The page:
Health care fraud prosecutions follow an arc that peaks in the year 2000 then drops. In 1991, 147 health care fraud prosecutions were filed by all Federal agencies, resulting in 26 convictions. Filings steadily rose and reached a peak during 2000 with 705 prosecutions filed and 471 convictions, and have broadly declined since. In 2005, 605 prosecutions were filed resulting in 516 convictions. [49]

In 2000, the median prison term for health care fraud was 5 months. In 2005, the median prison term for health care fraud was 0 months. [50]

As cited in Best’s Review, BlueCross/BlueShield referred 663 fraud cases to law enforcement authorities in 2004, and 189 warrants and indictments were issued. [51]






[30] Statement of Louis J. Freeh, director, Federal Bureau of Investigation, before the Special Committee on Aging, U.S. Senate. Federal News Service, March 21, 1995.

[31] Statistic provided in response to a World Privacy Forum FOIA request to the Federal Trade Commission, FTC FOIA-2006-00560.

[32] See the Federal Trade Commission’s ID Theft Clearinghouse Data, available at: <>.

[33] Government Accountability Office, Identity Theft Prevalence and Cost Appear to be Growing, March 2002 (GAO-02-363) at 30.

[34] FTC Identity Theft Survey 2003, September 2003. Available at <>. See page 4 and page 33. From page 4: “1.5 percent of survey participants reported that in the last year they had discovered that their personal information had been misused to open new credit accounts, take out new loans, or engage in other types of fraud, such as misuse of the victim’s name and identifying information when someone is charged with a crime, when renting an apartment, or when obtaining medical care (“‘New Accounts & Other Frauds’ ID Theft”). This result suggests that almost 3.25 million Americans discovered that their personal information had been misused in this kind of fraud in the past year.”

[35] The ITRC 2003 and 2004 surveys are available at <> and <> respectively.

[36] Statistics are from the FTC Identity Theft Clearinghouse data, taken from the FTC Consumer Sentinel database. The bottom range of this figure represents 1.8 percent of 214, 905 victims, which is the percent of victims that said they experienced medical identity theft in 2003. The larger figure of “approximately 3.25 million” is taken directly from the FTC 2003 Identity Theft Survey. The number represents the entire category of “New Accounts & Other Frauds’ ID Theft” which includes use of identity information for medical purposes. See pages 4, 13, and Table 1. 2003 FTC Identity Theft Survey Report, September, 2003, Federal Trade Commission.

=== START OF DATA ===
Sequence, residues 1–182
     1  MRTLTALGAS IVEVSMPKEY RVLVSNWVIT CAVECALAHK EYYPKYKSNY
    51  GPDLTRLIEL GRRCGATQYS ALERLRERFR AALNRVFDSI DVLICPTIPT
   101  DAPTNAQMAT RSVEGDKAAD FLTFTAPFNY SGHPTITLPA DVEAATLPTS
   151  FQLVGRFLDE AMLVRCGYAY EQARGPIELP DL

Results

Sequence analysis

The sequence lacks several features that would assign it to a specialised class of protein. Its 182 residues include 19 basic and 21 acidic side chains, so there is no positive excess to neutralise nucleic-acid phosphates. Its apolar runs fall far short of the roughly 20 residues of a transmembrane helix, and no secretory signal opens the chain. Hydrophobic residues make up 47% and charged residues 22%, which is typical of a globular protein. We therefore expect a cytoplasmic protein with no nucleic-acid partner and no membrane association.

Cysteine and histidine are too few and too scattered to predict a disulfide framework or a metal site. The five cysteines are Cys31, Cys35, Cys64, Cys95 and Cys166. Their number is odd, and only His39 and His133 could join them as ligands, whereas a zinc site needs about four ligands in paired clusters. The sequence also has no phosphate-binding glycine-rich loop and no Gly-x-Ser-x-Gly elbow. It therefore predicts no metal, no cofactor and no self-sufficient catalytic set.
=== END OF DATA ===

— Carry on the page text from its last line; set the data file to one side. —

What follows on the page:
[37] Study available at <>.

[38] <>. See also <> and <>. 39 <>.

[40]Federal Trade Commission, Identity Theft Survey Report (Sept. 2003). <>.

[41] Katrina Baum. Identity Theft, 2004. Released April 2, 2006. (NCJ-212213). <>.

[42] The World Privacy Forum submitted comments suggesting changes to the FTC identity theft survey instrument in response to FTC’s Federal Register notice of 18 November2005, 69970, Vol. 70, No. 222 requesting input. The comments may be read at <>.

[43] Federal News Service. July 12, 2000. Prepared testimony of Penny Thompson Program Integrity Director, Health Care Financing Administration. Before the House Budget Committee Task Force on Health. Medicare and Medicaid program integrity.

[44] Government Accountability Office, May 7, 1992. T-HRD-92-29. Health Insurance: Vulnerable Payers Lose Billions to Fraud and Abuse. Statement of Janet L. Shikles, Director, Health Financing and Policy Issues, Human Resources Division. “Though no one knows for sure, health industry officials estimate that fraud and abuse contribute to some 10 percent of U.S. health care’s current $700-plus billion in costs,” p. 2.

[45] Malcolm K. Sparrow, License to Steal: How Fraud Bleeds America’s Health Care System, at Preface (Westview Press, 2000).

[46] The Department of Health and Human Services And The Department of Justice, Health Care Fraud and Abuse Control Program.Annual Report For FY 1999. See “Beneficiary Outreach” section.

[47] “Fighting On New Fronts.”October 1 2005, Best’s Review.

[48] Statistics obtained by Transactional Records Access Clearinghouse using FOIA. Statistical reports were generated by TRAC for the World Privacy Forum. TRAC is a data gathering, data research and data distribution organization associated with Syracuse University.<>.

[49] Ibid.

[50] Ibid.

[51] “Fighting On New Fronts.”October 1 2005, Best’s Review. See also <>.



Roadmap: Medical Identity Theft - The Information Crime that Can Kill You: Part II Discussion – Medical Identity Theft by the Numbers: How Prevalent is this Problem?